Legal adaptability provides an international edge
By Simon Henin – These remain difficult times for the private equity industry. Although there are signs that activity is regaining momentum, it remains significantly subdued by comparison with the period before the onset of the financial crisis, especially in terms of fundraising.
Only around 150 new firms raised a fund for the first time in 2011 compared to 450 in 2007. However at the start of 2012 there were a record 1,814 funds in market targeting aggregate capital commitments of USD744.2bn which represent a 14% increase in the number of funds on the road. Private equity houses are having to look to new markets and new investors to attract the same size of funds as in the past, and inevitably it is taking longer.
However, Luxembourg continues to strengthen its position as a centre for private equity activity, including the use of structures as feeder vehicles bringing fresh capital to existing funds, and transactions at holding company level.
The country has a symbiotic relationship with other major private equity centres in Europe, notably the Channel Islands, which remain the main jurisdiction for the domicile of fund vehicles and had fund assets of GBP466.bn under management or administration at the end of March. However, more private equity houses may offer EU-domiciled funds in the future, probably alongside existing offshore structures, to maximise their appeal to different types of investor.
The grand duchy is not positioned as a low-budget jurisdiction in which to provide fund services, although that is equally true of many of its main rivals in the sector. It does benefit from the ability of groups such as Ipes to bring in specialist staff from other locations to supplement local skills in particular areas.
Luxembourg’s position within the private equity sector has undoubtedly been strengthened by the creation of the Specialised Investment Fund regime in order to increase its appeal to the alternative investment industry.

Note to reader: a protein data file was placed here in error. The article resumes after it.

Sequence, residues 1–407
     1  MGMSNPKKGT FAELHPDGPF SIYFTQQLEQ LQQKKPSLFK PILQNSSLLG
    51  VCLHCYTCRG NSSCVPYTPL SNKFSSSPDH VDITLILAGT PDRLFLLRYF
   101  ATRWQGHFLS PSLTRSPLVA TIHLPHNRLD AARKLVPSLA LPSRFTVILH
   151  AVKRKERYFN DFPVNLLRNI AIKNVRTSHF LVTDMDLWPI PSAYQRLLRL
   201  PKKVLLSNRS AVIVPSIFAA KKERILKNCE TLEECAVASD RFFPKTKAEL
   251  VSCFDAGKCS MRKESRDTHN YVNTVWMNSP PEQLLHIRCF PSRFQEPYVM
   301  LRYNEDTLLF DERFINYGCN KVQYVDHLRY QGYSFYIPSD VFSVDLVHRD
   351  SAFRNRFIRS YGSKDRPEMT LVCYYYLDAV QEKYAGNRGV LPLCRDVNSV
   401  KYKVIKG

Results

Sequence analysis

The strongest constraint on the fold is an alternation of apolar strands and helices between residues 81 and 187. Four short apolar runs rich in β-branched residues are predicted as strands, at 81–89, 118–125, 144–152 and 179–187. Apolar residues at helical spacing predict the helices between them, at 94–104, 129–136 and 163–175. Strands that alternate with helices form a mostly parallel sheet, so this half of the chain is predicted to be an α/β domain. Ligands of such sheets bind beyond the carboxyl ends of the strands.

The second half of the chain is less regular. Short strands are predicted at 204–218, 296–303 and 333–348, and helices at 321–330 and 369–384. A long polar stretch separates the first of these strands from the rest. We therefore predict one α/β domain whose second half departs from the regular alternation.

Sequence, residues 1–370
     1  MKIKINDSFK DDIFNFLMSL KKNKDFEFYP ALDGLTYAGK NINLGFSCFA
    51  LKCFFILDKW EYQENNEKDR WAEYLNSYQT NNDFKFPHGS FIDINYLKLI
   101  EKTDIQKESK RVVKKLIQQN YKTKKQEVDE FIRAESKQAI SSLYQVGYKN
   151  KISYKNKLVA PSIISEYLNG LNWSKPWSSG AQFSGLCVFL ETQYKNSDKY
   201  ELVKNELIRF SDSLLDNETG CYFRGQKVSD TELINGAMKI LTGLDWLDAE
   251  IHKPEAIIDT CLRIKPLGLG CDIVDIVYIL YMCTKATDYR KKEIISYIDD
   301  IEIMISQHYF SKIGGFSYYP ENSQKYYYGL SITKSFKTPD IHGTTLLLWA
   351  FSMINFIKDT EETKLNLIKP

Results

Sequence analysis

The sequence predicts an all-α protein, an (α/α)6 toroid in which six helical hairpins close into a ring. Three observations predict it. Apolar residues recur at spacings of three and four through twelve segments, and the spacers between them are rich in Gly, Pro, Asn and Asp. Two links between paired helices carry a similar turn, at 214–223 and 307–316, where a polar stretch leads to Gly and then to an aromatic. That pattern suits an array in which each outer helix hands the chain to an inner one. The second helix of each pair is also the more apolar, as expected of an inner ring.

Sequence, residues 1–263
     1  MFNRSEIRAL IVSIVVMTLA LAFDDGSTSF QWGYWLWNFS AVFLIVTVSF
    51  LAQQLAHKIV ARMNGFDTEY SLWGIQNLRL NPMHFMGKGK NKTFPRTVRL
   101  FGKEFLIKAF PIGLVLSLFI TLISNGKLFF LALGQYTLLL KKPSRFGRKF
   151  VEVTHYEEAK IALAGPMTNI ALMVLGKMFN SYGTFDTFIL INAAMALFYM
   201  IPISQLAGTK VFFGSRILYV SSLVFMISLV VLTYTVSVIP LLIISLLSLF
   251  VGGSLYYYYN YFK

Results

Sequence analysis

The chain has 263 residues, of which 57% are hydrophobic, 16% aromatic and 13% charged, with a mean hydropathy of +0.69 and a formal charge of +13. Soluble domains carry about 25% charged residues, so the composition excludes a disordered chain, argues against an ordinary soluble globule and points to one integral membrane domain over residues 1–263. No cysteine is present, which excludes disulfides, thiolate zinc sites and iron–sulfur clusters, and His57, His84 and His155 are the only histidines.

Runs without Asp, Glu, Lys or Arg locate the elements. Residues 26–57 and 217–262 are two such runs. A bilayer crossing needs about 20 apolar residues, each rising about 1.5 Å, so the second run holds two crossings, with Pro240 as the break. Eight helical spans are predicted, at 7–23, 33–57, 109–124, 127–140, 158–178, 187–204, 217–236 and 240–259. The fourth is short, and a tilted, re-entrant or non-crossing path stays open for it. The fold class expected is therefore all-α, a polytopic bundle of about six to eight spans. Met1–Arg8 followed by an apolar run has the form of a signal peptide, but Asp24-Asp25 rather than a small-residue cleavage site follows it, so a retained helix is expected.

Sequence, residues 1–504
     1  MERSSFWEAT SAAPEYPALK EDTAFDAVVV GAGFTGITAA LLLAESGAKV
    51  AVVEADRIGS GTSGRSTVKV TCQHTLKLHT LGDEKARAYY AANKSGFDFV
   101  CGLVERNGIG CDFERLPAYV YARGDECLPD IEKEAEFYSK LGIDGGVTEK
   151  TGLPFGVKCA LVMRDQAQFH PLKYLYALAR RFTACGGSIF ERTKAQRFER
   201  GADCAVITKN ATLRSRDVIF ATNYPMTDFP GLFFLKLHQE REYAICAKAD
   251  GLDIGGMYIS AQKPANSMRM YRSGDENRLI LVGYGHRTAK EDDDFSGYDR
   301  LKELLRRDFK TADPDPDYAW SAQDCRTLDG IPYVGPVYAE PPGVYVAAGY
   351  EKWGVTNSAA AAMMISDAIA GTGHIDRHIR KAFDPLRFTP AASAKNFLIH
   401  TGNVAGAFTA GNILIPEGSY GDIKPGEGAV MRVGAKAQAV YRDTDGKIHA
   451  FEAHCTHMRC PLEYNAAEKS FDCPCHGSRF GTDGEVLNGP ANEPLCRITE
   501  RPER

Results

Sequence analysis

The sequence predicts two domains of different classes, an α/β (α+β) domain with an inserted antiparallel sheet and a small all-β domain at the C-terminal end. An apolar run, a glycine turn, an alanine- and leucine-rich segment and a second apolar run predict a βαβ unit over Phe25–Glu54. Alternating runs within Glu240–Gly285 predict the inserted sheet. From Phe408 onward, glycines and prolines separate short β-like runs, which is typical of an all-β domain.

Since the introduction of the legislation in February 2007, the number of SIFs has grown to more than 1,400, and the law was updated earlier this year to bring many of the provisions applying to SIFs into line with the future EU Alternative Investment Fund Managers Directive in areas including risk management, conflicts of interest and delegation of functions.
A further overhaul of the country’s fund legislation is planned for later this year to enable Luxembourg to become one of the first EU member states to incorporate the AIFM Directive into national law.
The package is expected to include other measures designed to increase Luxembourg’s attractiveness to asset managers. Most important is a proposal to create a vehicle that is genuinely equivalent to the traditional common law limited partnership, which would increase the jurisdiction’s appeal to promoters targeting investors familiar and comfortable with this kind of vehicle.
Luxembourg already has the Société en Commandite Simple (SeCS), which is similar to a limited corporate partnership, but the proposed new vehicle would make it significantly easier to structure limited partnership fund vehicles. Our clients tell us that this is something they would particularly appreciate, particularly as it could be used not only for regulated funds but also for unregulated investment structures.
The planned changes to Luxembourg’s legislation, including amendments to existing company law, are intended to be completed by the end of this year. For the jurisdiction to have the EU directive provisions in place early should be a significant advantage, and its position as a major centre for retail funds also helps, since a great deal of the AIFM Directive’s language has been borrowed from the Ucits regime, while some of the directive’s requirements are already close to provisions of existing law.
Simon Henin is managing director of Ipes Luxembourg
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